Rockport: Rockport still had good numbers of Atlantic salmon, Chinook salmon, and lake trout, with 30-70 feet of water holding fish throughout the water column. Anglers found more Chinook, Atlantic and coho salmon toward Stoneport. Lead cores covering 15-30 feet of water produced the most success. Near Middle Island, anglers found large numbers of lake trout as well as the occasional salmon when trolling in 50-60 feet of water.

Rogers City: Anglers were reporting limit catches of lake trout. The best depths were reported to be in 50-60 feet of water when fishing close to the bottom. Fishing rocky substrate or deeper in around 70-80 feet of water with fishing lines throughout the water column also brought success. Anglers used a variety of lures, spoons and/or attractors with Spin-n-Glos. Good colors to use were reported to be greens, yellows, blue and silver, silver, pink and white, or white. A few Atlantic salmon, steelhead and coho salmon were also reported to be caught by anglers. Anglers were deploying boards with lead core and copper and running lines in the top 40 feet of water. Regular and smaller-sized spoons were reported to be better for the Atlantic salmon. Bright colors with lots of orange and a mixed spoon with green, orange and silver were all reported to be good colors.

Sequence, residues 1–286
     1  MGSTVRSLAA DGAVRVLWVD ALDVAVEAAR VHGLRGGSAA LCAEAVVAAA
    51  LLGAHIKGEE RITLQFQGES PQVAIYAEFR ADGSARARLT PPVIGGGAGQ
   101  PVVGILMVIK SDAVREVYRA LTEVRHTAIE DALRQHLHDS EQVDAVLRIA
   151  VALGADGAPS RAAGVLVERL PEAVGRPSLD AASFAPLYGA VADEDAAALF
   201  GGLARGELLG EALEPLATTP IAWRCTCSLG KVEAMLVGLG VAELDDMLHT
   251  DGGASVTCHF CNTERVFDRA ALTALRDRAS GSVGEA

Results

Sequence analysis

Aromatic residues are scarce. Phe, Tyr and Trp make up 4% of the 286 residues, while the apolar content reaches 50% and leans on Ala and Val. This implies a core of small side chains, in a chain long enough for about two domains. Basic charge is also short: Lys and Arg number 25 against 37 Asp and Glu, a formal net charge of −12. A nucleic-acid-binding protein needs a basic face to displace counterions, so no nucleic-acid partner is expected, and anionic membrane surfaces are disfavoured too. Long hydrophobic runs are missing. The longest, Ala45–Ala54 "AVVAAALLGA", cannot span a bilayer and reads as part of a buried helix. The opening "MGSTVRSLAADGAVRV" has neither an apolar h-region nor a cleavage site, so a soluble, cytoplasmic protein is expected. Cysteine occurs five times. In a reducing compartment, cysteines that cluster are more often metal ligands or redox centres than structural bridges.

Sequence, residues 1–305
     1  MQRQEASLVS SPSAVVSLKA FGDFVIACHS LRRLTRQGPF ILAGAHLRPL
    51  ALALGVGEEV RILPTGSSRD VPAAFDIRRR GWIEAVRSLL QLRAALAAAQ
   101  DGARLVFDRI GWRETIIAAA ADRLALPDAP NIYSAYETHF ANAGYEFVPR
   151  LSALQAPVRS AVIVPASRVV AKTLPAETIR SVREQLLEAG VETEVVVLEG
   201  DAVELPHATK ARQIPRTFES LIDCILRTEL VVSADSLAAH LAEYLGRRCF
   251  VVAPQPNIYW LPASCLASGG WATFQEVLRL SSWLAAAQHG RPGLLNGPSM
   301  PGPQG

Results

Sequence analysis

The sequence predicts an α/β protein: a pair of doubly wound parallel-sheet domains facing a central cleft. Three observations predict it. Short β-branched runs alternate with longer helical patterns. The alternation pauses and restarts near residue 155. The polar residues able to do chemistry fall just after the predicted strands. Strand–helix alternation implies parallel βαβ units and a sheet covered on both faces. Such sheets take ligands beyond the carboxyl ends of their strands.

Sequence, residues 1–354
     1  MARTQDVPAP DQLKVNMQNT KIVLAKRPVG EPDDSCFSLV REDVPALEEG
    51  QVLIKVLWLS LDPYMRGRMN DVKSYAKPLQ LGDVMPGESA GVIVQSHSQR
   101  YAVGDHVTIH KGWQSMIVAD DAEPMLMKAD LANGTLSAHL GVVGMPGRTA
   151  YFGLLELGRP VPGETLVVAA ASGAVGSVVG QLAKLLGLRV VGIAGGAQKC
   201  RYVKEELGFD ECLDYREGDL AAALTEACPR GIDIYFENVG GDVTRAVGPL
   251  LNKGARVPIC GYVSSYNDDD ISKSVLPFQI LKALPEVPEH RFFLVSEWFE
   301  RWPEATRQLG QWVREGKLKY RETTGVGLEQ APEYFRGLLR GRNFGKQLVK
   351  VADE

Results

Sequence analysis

Tawas: A few smallmouth bass were caught in Tawas Bay when casting various artificial baits.


Au Gres: Good numbers of walleye were caught when trolling straight out in 40-42 feet of water with nightcrawler harnesses. Some limits were taken, with most anglers fishing all day to catch them.

Pine River: A few walleye were caught trolling nightcrawler harnesses in the Catfish Hole in 12-13 feet of water. The average number of walleye caught per boat was one to five fish.

Northwest Lower Peninsula